Characterization of Changes in `Gala' Apple Aroma during Storage Using Osme Analysis, a Gas Chromatography-Olfactometry Technique

in Journal of the American Society for Horticultural Science
View More View Less
  • 1 Department of Food Science and Technology, Oregon State University, Corvallis, OR 97331
  • 2 U.S. Department of Agriculture, Tree Fruit Research Center, 1104 N. Western Avenue, Wenatchee, WA 98801

Changes in the odor-active volatile compounds produced by `Gala' apples [Malus ×sylvestris (L.) Mill. var. domestica (Borkh.) Mansf. `Gala'] were measured after 4, 10, and 20 weeks storage at 1 °C in regular atmosphere (RA) or controlled atmosphere (CA), and 16 weeks in CA followed by 4 weeks in RA. Aroma was evaluated using the gas chromatography-olfactometry method Osme. Production of volatile esters decreased along with corresponding fruity aromas during CA storage. Hexyl acetate, butyl acetate, and 2-methylbutyl acetate were emitted in the largest amounts and perceived with the strongest intensities from RA-stored fruit. While hexyl acetate and butyl acetate concentrations and aroma intensities decreased during CA storage, 2-methylbutyl acetate remained at the RA concentration until apples had been stored 16 weeks in CA. Perception intensities of methylbutyrate esters with apple or berrylike odors decreased less than straight chain esters in CA-stored fruit. 4-Allylanisole, ß-damascenone, and 1-octen-3-ol, as well as an unknown compound with a watermelon descriptor, were perceived more in RA-stored fruit than in CA-stored apples. Factor analysis indicated the importance of these compounds in `Gala' apples stored 4 weeks in RA. Even though these compounds do not have an apple odor, they contribute to fresh `Gala' aroma.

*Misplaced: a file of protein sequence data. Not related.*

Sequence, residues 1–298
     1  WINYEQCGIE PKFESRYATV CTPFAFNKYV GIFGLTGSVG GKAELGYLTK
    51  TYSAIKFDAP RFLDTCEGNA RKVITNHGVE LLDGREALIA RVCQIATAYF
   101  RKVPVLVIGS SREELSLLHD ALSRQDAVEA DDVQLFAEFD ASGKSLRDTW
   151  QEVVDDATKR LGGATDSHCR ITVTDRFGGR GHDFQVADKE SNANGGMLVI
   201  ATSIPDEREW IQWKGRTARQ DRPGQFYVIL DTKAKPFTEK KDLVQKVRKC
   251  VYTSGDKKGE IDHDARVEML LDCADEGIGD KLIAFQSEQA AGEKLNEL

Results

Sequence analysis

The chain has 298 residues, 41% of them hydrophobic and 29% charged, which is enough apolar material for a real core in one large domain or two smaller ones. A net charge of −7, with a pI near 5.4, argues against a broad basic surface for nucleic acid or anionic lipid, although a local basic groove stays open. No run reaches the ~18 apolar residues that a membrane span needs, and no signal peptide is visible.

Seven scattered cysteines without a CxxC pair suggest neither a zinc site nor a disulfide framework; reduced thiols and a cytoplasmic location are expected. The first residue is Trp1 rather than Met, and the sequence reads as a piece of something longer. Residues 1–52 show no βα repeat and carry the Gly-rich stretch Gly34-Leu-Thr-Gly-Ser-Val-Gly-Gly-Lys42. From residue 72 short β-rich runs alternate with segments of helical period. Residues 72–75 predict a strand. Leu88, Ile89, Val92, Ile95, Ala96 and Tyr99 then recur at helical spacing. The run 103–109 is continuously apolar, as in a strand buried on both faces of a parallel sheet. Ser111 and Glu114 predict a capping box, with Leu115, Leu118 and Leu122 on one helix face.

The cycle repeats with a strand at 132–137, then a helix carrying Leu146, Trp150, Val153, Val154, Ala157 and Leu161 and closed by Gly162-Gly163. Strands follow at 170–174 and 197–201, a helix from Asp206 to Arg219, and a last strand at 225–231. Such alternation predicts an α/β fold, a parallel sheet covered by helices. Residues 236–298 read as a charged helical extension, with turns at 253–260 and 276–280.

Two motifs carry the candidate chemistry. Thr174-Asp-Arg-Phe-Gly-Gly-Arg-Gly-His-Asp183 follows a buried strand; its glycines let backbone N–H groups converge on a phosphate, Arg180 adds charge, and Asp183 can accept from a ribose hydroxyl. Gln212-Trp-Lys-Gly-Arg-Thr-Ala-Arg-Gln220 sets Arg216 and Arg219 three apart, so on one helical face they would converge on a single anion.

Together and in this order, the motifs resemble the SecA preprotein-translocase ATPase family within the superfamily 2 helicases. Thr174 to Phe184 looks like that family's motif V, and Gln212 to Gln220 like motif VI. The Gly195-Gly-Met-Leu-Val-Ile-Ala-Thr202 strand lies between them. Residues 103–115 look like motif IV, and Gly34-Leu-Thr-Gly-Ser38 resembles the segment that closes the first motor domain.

If the inline PDF is not rendering correctly, you can download the PDF file here.

All Time Past Year Past 30 Days
Abstract Views 0 0 0
Full Text Views 250 62 2
PDF Downloads 186 79 6